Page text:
A trial of an interferon-free regimen of Boehringer Ingelheim’s faldaprevir and deleobuvir, plus ribavirin, cured genotype 1 of hepatitis C virus (HCV) in 52 to 69 percent of study participants, MedPage Today reports. Efficacy dropped dramatically, however, when the regimen omitted ribavirin. Publishing their findings in the New England Journal of Medicine, researchers gave the protease inhibitor faldaprevir and the non-nucleoside polymerase inhibitor deleobuvir to 362 people with genotype 1 of the virus in a Phase IIb, randomized, open-label trial titled SOUND-C2.

The study participants were randomly divided into five groups:

Three groups took 120 milligrams of faldaprevir each day, plus 600 mg of deleobuvir three times a day, plus ribavirin. Eighty-one participants stayed on the regimen for 16 weeks, 80 for 28 weeks, and 77 for 40 weeks. Another 46 participants took the same regimen, but without ribavirin, for 28 weeks.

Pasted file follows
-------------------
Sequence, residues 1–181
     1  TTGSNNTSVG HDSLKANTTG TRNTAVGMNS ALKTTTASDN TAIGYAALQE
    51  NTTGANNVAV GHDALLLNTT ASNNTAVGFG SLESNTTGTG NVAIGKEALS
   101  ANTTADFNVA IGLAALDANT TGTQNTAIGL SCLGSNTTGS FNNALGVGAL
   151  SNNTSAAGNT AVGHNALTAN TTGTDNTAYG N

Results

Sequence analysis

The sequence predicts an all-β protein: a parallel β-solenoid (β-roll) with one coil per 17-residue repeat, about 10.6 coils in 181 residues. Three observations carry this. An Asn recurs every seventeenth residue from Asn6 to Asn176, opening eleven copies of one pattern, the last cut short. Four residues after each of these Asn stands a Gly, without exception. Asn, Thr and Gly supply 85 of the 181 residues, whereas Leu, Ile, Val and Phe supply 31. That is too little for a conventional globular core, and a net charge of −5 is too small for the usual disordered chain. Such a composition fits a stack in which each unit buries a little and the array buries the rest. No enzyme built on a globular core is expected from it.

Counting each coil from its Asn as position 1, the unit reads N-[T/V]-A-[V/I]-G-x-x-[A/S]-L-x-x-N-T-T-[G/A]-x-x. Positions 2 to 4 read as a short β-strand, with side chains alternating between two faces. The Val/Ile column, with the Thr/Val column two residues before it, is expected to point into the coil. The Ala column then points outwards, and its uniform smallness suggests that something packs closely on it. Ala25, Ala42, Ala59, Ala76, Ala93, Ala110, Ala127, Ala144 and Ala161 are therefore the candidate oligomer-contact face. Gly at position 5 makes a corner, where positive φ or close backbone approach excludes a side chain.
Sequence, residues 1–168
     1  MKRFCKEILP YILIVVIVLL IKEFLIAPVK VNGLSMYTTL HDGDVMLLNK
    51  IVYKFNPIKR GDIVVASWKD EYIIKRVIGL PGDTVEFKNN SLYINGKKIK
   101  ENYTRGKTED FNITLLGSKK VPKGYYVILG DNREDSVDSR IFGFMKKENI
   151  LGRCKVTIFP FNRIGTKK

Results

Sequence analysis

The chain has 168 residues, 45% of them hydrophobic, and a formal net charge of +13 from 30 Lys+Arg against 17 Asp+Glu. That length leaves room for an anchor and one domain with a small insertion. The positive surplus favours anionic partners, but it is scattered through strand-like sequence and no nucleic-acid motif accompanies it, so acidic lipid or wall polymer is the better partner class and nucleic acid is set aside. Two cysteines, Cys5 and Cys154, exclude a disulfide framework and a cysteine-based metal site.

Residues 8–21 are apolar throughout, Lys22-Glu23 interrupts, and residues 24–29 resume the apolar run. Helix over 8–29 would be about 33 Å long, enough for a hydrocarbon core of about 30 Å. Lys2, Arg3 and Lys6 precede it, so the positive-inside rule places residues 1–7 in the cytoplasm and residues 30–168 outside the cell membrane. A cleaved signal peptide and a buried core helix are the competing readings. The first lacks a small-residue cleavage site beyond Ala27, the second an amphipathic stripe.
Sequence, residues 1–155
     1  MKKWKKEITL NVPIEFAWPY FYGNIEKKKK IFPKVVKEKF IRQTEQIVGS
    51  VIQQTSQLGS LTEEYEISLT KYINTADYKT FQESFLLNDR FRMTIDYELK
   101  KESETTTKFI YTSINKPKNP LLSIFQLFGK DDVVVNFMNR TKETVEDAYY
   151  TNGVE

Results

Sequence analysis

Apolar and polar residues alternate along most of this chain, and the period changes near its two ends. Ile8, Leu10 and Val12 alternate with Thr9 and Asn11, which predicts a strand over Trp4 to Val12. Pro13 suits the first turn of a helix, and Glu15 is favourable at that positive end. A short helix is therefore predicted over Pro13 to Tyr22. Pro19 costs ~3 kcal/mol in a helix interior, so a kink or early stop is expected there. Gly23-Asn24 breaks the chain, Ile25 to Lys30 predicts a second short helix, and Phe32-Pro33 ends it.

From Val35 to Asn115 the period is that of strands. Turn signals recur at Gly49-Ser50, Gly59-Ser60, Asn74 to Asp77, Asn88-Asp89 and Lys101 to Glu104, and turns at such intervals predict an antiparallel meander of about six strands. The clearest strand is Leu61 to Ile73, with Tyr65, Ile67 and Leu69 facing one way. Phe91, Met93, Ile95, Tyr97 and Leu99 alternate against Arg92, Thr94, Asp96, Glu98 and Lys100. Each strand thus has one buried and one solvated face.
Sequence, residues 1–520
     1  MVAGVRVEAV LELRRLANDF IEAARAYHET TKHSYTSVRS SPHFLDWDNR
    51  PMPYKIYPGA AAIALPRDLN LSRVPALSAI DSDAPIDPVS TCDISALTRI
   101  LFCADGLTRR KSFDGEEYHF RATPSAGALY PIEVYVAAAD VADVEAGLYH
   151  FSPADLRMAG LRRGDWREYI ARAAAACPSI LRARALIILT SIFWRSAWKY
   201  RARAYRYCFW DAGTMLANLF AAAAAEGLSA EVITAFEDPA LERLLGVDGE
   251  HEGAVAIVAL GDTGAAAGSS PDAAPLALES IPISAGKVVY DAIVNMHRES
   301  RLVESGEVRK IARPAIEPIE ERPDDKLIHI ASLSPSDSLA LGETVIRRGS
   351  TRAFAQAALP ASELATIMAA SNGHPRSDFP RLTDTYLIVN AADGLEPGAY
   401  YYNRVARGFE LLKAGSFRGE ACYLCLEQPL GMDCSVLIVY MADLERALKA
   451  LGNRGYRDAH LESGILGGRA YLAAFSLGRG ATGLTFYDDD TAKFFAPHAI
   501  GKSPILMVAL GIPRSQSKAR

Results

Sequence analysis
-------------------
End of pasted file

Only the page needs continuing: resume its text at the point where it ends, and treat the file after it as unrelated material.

In addition, 78 participants took 120 mg of faldaprevir each day, plus 600 mg of deleobuvir twice a day (instead of three times), plus ribavirin for 28 weeks.

The study’s goal was to see what percentage had a sustained virologic response 12 weeks after completing therapy (SVR12, considered a cure). Fifty-nine percent of both those in the 16-week group and those in the 28-week group who took the same regimen achieved SVR12. Fifty-two percent of those in the 40-week group achieved SVR12, as did 69 percent of those who took deleobuvir twice a day for 28 weeks. Only 39 percent of the ribavirin-free group were cured.

Ninety-four percent of the study participants reported at least one adverse side effect of the therapy. Thirty-four people (9.4 percent) experienced a serious side effect, and 27 (7.5 percent) had a life-threatening one. The most common adverse effects were rash, sensitivity to light, nausea, vomiting and diarrhea.

To read the study abstract, click here.

To read the MedPage Today report, click here.